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So, every few module release or so, we have a lockbox. With a lockbox comes certain expectations for chase rewards—for Neverwinter, that’s largely artifacts and mounts.
These are among the most fun things to work on, because we get to spend a bunch of time on something that isn’t driven so much by the needs of the story or the environment, but on fulfilling a fantasy for the player; creating a shiny new toy that will make players feel cool. Like when you open that box and the new hotness pops out, you get to ride around with the sweetest ride in town.
Traditionally, we start this process with a new model. For m11, our art lead, Mike Apolis, wanted to take a different approach. We have a lot of exotic creatures for you to ride on, from horses and unicorns to flail-snails and lions. What could we do to stand out, to find some new ways of doing things, to give players they haven’t seen in Neverwinter before?
The Water Horse we released for the previous Summer Event had been well received, as had Tenser’s Floating Disk. Could we make a new mount that was primarily derived from FX?
We held a brainstorming meeting for a while, before coming up with a couple ideas we found viable. In the end it came down to two. The first was the Whirlwind mount; I’d done some prototype work on this right after the Water Horse, but it wasn’t where we’d wanted it, and the placeholder animations I had scavenged looked a little silly. But if we were going to make this a real thing, then our animator Ben Norcross would be able to make that shine.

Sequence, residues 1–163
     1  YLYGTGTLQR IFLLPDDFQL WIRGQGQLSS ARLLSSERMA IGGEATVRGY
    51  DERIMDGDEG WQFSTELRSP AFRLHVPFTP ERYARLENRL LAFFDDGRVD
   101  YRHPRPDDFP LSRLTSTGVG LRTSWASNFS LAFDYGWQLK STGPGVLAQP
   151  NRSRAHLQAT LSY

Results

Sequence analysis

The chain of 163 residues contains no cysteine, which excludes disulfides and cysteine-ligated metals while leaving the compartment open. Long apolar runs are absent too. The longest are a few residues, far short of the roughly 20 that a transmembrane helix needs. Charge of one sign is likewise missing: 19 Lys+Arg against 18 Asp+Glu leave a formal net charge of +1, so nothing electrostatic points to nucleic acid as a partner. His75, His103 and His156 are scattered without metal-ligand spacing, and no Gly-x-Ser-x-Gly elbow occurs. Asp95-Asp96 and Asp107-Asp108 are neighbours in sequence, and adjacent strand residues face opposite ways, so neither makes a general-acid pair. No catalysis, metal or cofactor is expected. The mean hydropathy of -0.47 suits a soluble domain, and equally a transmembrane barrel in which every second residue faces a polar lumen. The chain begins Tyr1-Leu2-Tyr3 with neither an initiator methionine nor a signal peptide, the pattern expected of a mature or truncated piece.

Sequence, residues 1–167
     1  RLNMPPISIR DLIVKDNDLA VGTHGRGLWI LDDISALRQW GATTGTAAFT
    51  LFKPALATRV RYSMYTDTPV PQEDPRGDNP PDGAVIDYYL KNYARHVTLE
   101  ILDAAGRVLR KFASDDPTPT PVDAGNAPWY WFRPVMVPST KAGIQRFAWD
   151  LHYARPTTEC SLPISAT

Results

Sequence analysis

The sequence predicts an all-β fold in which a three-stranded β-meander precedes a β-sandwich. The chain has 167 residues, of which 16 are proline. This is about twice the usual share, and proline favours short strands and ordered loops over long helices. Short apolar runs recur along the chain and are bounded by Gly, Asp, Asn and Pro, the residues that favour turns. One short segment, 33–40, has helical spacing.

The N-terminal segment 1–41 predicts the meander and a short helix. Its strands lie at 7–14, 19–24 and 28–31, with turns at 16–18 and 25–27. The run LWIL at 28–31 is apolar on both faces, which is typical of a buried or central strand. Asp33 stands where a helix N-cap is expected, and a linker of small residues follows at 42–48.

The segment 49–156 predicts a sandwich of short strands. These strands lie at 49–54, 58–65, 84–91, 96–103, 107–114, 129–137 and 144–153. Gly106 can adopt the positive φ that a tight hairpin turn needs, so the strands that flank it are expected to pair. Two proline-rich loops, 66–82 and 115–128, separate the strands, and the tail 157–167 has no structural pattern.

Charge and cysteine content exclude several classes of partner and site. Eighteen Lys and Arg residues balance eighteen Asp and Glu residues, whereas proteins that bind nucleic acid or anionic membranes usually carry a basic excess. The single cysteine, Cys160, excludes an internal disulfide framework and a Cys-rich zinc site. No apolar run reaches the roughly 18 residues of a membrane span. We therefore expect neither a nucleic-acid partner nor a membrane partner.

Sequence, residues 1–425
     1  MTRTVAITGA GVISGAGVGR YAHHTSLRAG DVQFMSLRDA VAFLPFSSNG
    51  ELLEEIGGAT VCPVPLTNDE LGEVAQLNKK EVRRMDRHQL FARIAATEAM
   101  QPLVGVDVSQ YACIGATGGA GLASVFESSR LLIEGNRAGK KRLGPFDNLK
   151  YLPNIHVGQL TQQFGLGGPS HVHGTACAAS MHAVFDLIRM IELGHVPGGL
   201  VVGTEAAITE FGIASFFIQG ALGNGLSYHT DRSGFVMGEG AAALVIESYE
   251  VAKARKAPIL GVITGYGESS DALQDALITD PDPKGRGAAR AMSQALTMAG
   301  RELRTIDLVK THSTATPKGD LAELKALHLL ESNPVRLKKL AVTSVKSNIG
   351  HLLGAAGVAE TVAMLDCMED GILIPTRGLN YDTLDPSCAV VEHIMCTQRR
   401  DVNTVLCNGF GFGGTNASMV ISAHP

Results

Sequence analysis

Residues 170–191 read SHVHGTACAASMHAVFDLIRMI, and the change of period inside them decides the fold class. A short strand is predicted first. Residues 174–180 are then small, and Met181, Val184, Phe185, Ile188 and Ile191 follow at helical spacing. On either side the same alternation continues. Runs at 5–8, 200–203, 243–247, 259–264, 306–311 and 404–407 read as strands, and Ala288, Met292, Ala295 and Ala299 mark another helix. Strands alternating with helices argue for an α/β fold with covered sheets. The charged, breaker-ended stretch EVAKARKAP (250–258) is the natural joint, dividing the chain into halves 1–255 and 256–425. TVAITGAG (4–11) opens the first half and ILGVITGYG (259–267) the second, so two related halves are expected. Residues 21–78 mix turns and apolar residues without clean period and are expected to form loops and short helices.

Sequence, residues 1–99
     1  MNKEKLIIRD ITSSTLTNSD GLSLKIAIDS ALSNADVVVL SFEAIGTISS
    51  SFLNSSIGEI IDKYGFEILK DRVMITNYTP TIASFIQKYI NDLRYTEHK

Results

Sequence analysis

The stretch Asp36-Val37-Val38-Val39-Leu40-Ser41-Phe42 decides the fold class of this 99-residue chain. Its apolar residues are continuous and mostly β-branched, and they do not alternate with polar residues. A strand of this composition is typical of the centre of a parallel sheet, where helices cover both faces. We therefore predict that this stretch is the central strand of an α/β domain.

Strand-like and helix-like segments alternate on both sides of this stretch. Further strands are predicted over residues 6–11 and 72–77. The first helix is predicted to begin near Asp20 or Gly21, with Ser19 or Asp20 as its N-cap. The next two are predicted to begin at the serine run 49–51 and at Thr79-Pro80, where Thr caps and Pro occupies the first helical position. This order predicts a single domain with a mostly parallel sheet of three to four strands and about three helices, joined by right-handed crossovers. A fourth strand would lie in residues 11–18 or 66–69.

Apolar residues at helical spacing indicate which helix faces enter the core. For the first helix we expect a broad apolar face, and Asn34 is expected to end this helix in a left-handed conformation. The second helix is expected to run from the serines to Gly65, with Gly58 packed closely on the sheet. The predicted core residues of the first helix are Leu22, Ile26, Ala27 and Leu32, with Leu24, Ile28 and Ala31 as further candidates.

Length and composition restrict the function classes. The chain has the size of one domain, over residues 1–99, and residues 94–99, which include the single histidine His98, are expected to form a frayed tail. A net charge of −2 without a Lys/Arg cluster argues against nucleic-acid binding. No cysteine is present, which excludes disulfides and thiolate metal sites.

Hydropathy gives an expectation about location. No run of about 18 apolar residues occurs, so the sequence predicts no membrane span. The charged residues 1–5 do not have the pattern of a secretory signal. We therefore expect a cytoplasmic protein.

The second was a suggestion by lead game designer Thomas Foss—could we take a creature and make it look like it was filled with stars?
“But Thomas, we already have the starry panther for the Lliira’s Night event. “
“No, not like that— not like there are stars painted on it, like you’re looking through a hole into the night sky.”
Secretly, I’d actually given a lot of thought to that, going back to work on Champions. I’m a big fan of cosmic comic-books full of entities with capes or bodies that look like slices of the universe.
When you normally look at an object in game, it’s in ‘object space’. It’s a 2d texture, a set of pixels, that we take and wrap around the surface of an object like a Christmas present around a box, to turn a piece of two-dimensional art into something simulated in three dimensions.
A sphere mapped in object space
To get an effect like we want here, we create a material and display it in ‘screen space’—the geometry of the object shows where the material is, but what the material displays depends on the position of your camera. So when you move, it doesn’t track the motion of your eyes or of the rest of the world. The effect is similar to how an object at extreme distance (for example: the stars) parallaxes, creating the appearance of a window into space.
I had a test prototype mocked up within two hours. It worked pretty well, but it was too flat.